Virgin Australia has flicked the WiFi switch on flights between Sydney, Melbourne, Brisbane and Los Angeles, with passengers now able to stay connected above the clouds – for a price.
That price is $9 for one hour of inflight Internet access, although the $20 'flight pass' which covers the entire 14-15 hour journey is undoubtedly better value.
Virgin says the connection speeds are suitable for "Web browsing, email, messaging and social media" but not streaming video, while voice calls on services such as Skype and FaceTime are blocked.
But it won't be smooth surfing all the way to LA, with the airline advising travellers that the service "is currently impacted by satellite availability and typically has two services interruptions during the flight."
"These interruptions are likely to occur at 4 and 1.5 hours prior to landing at LAX and may result in a 30-60 minute outage."
Four of Virgin's five Boeing 777-300ER jets which are dedicated to Australia-Los Angeles flights have already been outfitted with the Gogo satellite technology, with the fifth getting its upgrade this month.
The airline began trialling its trans-Pacific WiFi system in late 2017 as a free service as a public 'beta test' of the technology.
United Airlines, American Airlines and Virgin partner Delta Air Lines all offer WiFi on their Australia-US flights.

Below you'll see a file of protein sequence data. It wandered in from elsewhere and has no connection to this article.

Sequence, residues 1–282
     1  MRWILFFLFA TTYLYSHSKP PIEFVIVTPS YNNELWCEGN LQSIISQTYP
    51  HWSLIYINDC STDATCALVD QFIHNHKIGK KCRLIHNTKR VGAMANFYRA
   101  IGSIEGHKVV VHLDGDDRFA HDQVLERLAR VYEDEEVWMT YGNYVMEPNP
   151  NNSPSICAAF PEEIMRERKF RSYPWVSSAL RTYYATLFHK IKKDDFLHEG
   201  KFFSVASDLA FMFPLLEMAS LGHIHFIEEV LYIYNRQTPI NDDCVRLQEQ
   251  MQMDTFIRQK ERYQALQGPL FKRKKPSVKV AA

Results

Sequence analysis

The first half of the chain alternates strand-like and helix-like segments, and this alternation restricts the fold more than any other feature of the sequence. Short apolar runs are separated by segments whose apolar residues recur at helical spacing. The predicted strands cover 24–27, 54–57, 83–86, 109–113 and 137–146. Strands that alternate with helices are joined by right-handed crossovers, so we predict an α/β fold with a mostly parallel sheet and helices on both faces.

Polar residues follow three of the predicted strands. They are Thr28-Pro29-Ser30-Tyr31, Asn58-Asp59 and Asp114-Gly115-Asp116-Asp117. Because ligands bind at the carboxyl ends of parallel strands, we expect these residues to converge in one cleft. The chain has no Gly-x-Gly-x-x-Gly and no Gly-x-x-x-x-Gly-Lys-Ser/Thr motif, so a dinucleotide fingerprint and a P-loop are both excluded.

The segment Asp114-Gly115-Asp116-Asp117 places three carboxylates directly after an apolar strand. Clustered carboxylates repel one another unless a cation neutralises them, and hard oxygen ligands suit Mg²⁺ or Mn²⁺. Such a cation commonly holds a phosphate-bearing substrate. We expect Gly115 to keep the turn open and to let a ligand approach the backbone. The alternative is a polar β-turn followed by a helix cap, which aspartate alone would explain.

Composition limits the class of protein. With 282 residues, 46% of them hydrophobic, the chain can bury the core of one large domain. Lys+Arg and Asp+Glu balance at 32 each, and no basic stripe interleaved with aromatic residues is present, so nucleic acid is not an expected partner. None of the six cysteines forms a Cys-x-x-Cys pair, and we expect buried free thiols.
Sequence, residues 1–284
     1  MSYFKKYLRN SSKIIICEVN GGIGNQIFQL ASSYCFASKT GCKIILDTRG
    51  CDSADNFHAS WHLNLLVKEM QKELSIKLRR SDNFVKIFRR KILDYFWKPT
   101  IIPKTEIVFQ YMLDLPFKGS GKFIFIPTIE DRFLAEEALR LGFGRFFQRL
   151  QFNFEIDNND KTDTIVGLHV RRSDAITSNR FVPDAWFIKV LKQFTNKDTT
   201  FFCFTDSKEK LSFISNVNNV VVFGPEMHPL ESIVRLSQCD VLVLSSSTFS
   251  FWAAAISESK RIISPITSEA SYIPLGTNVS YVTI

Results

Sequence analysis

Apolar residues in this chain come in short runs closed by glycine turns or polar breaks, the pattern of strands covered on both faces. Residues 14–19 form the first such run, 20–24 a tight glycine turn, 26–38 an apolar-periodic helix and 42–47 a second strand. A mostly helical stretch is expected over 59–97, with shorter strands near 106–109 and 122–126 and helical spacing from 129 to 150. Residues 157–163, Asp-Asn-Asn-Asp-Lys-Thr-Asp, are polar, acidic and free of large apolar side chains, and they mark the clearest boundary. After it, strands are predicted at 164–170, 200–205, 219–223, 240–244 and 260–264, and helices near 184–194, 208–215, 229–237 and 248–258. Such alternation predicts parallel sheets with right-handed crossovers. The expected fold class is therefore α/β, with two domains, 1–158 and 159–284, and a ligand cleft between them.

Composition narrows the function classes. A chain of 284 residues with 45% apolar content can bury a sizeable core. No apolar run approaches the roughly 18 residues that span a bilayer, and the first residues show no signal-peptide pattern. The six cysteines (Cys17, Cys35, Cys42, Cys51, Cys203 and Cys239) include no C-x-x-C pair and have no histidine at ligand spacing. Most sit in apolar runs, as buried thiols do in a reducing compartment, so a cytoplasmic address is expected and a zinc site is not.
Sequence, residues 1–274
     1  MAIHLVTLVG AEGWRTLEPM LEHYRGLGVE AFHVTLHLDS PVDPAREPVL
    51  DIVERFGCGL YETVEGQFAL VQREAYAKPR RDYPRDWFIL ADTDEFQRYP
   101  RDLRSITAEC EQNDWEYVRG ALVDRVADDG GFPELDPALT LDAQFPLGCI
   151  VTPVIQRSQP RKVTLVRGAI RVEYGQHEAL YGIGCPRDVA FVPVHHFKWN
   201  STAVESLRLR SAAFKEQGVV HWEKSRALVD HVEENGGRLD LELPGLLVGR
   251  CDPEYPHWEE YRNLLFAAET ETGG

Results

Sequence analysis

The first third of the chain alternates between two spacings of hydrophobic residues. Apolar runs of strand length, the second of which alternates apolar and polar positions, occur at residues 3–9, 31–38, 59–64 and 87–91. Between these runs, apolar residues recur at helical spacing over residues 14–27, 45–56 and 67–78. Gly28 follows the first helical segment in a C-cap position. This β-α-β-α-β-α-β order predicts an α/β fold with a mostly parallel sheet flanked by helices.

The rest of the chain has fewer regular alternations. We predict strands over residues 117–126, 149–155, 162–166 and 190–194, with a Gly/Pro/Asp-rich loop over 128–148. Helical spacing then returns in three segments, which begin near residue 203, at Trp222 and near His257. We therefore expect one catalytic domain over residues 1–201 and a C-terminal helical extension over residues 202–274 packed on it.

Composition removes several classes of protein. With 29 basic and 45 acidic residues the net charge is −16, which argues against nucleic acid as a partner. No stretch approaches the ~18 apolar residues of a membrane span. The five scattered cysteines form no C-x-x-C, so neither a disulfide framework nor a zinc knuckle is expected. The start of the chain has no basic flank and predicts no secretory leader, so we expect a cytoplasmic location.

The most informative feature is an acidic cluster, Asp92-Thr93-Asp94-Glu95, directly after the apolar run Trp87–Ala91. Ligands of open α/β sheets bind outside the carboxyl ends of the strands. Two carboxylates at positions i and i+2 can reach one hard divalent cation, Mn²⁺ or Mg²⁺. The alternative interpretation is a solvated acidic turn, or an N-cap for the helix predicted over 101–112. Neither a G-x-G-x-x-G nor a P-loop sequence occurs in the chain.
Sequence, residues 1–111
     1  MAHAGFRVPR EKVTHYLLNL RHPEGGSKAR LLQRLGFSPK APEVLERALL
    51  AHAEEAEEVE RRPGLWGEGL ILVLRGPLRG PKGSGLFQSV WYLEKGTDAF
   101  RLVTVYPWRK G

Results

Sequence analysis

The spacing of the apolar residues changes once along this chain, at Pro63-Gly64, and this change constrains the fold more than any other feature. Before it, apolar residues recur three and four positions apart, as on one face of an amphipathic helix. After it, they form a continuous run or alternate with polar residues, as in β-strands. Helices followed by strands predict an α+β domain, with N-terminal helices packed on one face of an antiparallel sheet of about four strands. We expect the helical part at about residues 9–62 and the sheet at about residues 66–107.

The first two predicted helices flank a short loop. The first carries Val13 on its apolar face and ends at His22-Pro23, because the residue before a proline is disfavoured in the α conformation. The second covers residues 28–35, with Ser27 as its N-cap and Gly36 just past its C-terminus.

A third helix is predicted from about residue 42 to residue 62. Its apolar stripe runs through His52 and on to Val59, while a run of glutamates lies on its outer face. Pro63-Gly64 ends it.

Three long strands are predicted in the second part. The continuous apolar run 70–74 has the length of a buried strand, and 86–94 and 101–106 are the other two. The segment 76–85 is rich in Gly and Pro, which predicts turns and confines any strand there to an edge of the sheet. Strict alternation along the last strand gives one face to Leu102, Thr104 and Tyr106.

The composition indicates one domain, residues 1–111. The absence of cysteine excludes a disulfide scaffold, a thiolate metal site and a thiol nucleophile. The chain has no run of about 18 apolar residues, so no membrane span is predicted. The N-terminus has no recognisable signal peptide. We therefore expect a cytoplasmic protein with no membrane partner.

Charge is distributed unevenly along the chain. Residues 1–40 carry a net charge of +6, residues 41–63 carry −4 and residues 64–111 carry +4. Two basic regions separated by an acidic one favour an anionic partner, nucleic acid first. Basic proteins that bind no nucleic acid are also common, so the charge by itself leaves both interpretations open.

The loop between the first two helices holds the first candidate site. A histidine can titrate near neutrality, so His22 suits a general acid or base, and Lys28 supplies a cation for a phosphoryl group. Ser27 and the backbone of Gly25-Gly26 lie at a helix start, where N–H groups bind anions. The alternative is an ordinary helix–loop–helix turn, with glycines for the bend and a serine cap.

Qantas' current focus remains on the rollout of domestic WiFi on its Boeing 737 workhorses, with the airline not expected to add WiFi to its international flights until 2019 at the earliest.
However, while Qantas' domestic WiFi service is free, Virgin Australia now charges passengers for a high-speed connection on domestic flights, although slower connections will remain free of charge.
Virgin's fast WiFi pricing is based on the length of the flight, with a baseline of $9 per flight on shorter routes such as Brisbane-Sydney and Sydney-Melbourne.
WiFi should also be available on Virgin's Boeing 737 flights to and from New Zealand, Fiji and Bali in the coming months.
Virgin's Airbus A330s – currently most often seen on east-west flights but increasingly being switched to new Asian routes, including Sydney and Melbourne to Hong Kong – are slated to for their WiFi upgrade from late 2018 through to early 2020.